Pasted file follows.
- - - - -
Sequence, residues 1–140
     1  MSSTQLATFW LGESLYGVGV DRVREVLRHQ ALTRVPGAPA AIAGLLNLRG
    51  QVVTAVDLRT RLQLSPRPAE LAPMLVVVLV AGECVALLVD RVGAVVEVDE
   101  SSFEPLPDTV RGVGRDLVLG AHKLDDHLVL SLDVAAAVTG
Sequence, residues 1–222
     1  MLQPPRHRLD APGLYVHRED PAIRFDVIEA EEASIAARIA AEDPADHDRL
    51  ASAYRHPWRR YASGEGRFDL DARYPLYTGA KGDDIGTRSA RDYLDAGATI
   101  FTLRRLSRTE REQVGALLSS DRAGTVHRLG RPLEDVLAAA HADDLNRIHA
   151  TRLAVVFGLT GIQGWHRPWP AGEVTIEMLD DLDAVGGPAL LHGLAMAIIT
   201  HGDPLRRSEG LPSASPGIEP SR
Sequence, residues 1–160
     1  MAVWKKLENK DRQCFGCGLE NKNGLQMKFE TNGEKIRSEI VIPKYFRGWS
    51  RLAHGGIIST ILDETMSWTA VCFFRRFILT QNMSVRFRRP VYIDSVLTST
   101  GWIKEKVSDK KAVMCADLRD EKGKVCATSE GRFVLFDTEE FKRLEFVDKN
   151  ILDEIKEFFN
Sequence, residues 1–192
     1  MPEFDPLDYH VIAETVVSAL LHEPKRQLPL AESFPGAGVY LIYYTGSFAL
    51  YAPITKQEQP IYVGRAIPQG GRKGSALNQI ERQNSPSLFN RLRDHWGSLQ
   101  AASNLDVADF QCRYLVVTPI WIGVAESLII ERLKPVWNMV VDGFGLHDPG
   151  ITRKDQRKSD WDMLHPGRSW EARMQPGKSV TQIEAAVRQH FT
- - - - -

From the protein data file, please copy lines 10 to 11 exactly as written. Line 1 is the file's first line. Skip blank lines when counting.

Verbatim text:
   201  HGDPLRRSEG LPSASPGIEP SR
Sequence, residues 1–160